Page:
From the Hindu perspective no religion owns time and no revelation defines history. Each person and each culture has its own time or duration, which should be used for self-discovery and self-realization. Hindu sages look at the new era for humanity arising today through science and globalism as but the dim beginnings of a greater age of consciousness and spirituality that is as yet only touching the horizon. They don't see this new era defined by the year 2000 but by the events of the past few decades and yet many more decades to come. The industrial revolution gave way to the information revolution but the information revolution must in turn give way to an age of consciousness that is the real goal of human striving. Humanity is still in transition between an era of materialism and one of spirituality and the decisive turn has not yet been made. The coming century is bound to bring ecological and cultural crises that will force us to move in a more conscious direction. This will bring not only great new discoveries and breakthroughs as we advance in knowledge, but also suffering and karmic reckoning for our immature and arrogant way of dealing with our environment.
Hindu Dharma has already undergone a remarkable renaissance in the modern age. Less than two hundred years ago Hinduism seemed to be on the verge of complete collapse. It was caught in inertia and under siege by the missionary and colonial forces that had been ruling India for centuries. Yet at that extremity it didn’t collapse but renewed itself, going back to its ancient roots to provide for new and expansive growths.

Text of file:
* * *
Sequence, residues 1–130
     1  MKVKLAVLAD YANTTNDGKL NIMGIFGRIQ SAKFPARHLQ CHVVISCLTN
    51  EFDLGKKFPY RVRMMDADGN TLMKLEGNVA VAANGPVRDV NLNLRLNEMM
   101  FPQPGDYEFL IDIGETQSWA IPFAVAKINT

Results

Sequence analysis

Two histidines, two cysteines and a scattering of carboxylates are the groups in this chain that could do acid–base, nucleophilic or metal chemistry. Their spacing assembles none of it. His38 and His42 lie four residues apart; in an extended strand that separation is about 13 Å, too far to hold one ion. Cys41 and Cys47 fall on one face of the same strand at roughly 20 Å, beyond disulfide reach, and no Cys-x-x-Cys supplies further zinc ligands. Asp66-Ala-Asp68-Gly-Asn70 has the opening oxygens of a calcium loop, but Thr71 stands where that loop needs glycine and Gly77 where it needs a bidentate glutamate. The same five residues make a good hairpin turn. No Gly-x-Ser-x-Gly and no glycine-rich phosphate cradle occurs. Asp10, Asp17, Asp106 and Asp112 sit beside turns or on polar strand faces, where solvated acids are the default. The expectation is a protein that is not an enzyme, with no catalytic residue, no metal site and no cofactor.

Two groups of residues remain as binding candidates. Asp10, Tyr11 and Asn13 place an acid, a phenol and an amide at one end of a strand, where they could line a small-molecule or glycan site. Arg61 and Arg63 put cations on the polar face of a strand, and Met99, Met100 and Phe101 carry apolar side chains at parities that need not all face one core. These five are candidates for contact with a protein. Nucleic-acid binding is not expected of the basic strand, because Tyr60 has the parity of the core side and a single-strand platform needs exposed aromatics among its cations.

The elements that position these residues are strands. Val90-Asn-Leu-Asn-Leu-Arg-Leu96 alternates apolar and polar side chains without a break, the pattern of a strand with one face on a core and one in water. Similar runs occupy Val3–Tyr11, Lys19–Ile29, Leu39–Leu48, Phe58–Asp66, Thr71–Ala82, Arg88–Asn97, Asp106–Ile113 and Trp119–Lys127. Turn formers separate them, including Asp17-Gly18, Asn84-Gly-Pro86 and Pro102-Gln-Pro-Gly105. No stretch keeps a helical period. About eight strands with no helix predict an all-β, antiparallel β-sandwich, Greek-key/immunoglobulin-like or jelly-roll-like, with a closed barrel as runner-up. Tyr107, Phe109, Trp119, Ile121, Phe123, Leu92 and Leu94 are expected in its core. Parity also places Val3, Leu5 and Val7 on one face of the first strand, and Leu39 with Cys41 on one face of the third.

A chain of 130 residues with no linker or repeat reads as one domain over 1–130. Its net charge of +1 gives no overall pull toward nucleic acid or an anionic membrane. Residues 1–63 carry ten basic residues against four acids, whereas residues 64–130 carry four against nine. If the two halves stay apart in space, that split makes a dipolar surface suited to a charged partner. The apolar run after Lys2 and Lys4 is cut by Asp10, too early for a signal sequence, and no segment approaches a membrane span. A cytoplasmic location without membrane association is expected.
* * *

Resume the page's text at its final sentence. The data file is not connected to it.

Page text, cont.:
The result was that in the nineteenth century the modern Hindu renaissance began from several angles. Swami Dayananda Sarasvati of the Arya Samaj issued a call to return to the Vedas. Swami Vivekananda brought forth a new awakening of Hinduism to Yoga and Vedanta. Many other such leaders arose throughout the country to follow such a vision.
The Hindu renaissance was not limited to India. Vivekananda spread his message throughout the entire world, which rediscovered Hinduism as the deep philosophy of Vedanta and the profound practice of Yoga. With this Hinduism began to go global. It became the main tradition pioneering dialogue and synthesis in religion, promoting a recognition that sages throughout the world have always taught the same message of oneness. After the counterculture movements of the nineteen sixties, many other India-based spiritual groups started in the West.
The twentieth century marked a new and independent India in which Hindus were the majority and no longer had to suffer under the rule of a religion seeking to convert them. This led to a building of many new temples throughout the country. Recent decades witnessed a Diaspora of Hindus throughout the globe, particularly as professionals in new technology fields. With the many new immigrants from India in the last two decades, almost every important sect in Hinduism can be found in the West, with Hindu temples in the main cities of Europe and North America.
Yet in spite of this renaissance, Hinduism as a specific religion did not truly flourish in the twentieth century. It remained under siege by colonial and missionary forces that remained active even after colonialism by Christian countries had ended. On top of these, a new leftist and communist thinking arose that attacked it further by allying themselves with residual colonial forces and Islam. Many countries of Asia like China and Indochina became communist and under its rule tried to destroy their older religious traditions. While India as a whole did not become communist, several states like Kerala and Bengal did, and the communists gained a favored position in the media and universities of the country from which their anti-Hindu message became magnified beyond their political power. Indian intellectuals embraced Marxism as their new religion and few remained to articulate a Hindu point of view to the world.
Free India under Nehru opted for a socialist-communist model that perpetuated the British system of education and a leftist way of thinking that was often unabashedly anti-Hindu and sometimes pro-Islamic and pro-Christian. The economic problems of India, which resulted from the same socialist economies that failed all over the world, were blamed on Hinduism. The social and class problems of the country that were based on medieval customs developed during foreign rule were turned into a permanent stain on Hinduism itself.